Disorganization is no longer a problem for those who keep a bullet journal. To keep your life on track, create hourly, daily, weekly, and monthly pages, colour-code activities, make to-do lists, and jot down the book review you don’t want to miss –– all in one place.

Encourages productivity

There’s nothing like taking anything off your to-do list to make you feel accomplished. When you see the things you need to do in front of you, it motivates you to do them so you can move on to the next big thing. When you look back on what you accomplished during the week, you get a sense of satisfaction that is priceless.

Ideal for keeping lists

Who doesn’t like having a complete, organized to-do list? Simply open your bullet journal to a blank page and begin jotting down movies to watch, your favourite quotes, plants to plant in next year’s garden, and places to visit. Relevant information such as passwords, birthdays, and contact numbers should not be forgotten in case your phone fails.

Helps tracking long-term goals

Consider all of your long-term objectives and write them down in your bullet journal. Bullet journals make habit monitoring simple: create a calendar that lasts anything from a month to a year, and cross off each day that you complete a new habit. You can evaluate your performance at the end of your time span.

Enhances creativity

Bullet journaling promotes creativity in a way that other types of journaling do not. Create a customized template to celebrate each new month, play with calligraphy, or draw a mood storyboard.  You’ll be shocked by how much fun you can have while creating your bullet journal, even if you don’t think of yourself as the creative type.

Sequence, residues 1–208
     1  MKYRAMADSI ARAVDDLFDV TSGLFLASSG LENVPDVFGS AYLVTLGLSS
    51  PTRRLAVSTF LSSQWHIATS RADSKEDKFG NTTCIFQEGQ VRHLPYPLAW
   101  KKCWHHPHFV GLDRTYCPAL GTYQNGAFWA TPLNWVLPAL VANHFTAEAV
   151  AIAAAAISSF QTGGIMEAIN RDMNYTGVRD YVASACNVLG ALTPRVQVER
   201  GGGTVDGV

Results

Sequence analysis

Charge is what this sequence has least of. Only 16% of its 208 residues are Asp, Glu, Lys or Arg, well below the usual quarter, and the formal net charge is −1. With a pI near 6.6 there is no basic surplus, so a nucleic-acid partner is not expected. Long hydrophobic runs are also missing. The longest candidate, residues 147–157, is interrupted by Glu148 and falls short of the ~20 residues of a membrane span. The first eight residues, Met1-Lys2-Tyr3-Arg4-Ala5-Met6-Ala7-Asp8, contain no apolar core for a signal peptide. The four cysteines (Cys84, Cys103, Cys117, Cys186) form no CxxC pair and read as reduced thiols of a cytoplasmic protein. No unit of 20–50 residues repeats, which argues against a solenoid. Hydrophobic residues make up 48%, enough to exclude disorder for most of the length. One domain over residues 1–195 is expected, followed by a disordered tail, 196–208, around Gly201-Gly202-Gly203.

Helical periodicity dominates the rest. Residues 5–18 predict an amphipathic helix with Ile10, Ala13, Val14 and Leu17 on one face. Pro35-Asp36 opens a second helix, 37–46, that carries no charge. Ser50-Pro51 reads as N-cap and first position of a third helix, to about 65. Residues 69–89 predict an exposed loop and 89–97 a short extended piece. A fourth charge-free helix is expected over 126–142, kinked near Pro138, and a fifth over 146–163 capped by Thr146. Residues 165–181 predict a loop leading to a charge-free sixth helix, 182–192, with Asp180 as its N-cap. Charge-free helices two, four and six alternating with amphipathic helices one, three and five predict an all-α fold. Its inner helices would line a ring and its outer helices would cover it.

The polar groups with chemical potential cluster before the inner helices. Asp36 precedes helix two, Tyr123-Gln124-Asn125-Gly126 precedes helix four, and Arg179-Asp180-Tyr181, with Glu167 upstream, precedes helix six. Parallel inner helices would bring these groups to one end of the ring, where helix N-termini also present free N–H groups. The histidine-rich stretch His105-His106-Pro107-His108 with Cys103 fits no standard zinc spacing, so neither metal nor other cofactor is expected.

Key Supplies

Are you ready to begin your bullet journal journey? Setting yourself up for success is incredibly easy. All you need are a few basic items and you’ll be able to build the life of your dreams.

Journal

Quality paper, a faint dot grid, a durable front cover, and a back pocket for documents, receipts, and stickers are all features of the perfect bullet journal. Some papers often have bookmarks, which can be used to keep track of where you left off.

Pens

Choose your writing instruments. Bullet journal enthusiasts prefer fineliners, fountain pens, gel pens, brush pens, and highlighters. If you’re just getting started, start with a black pen, a few coloured pens, and a highlighter to see how they work.

Ruler

A ruler is useful for making straight lines and calendars. Since you can see where you’re drawing with see-through rulers, they’re a great option. For quick access, look for a ruler that fits into the pocket of your bullet book.

Stencils

Stencils are essential for maintaining a neat and symmetrical appearance in your bullet journal. There are numerous options available, ranging from circular habit trackers to uniform squares for creating regular and monthly calendars.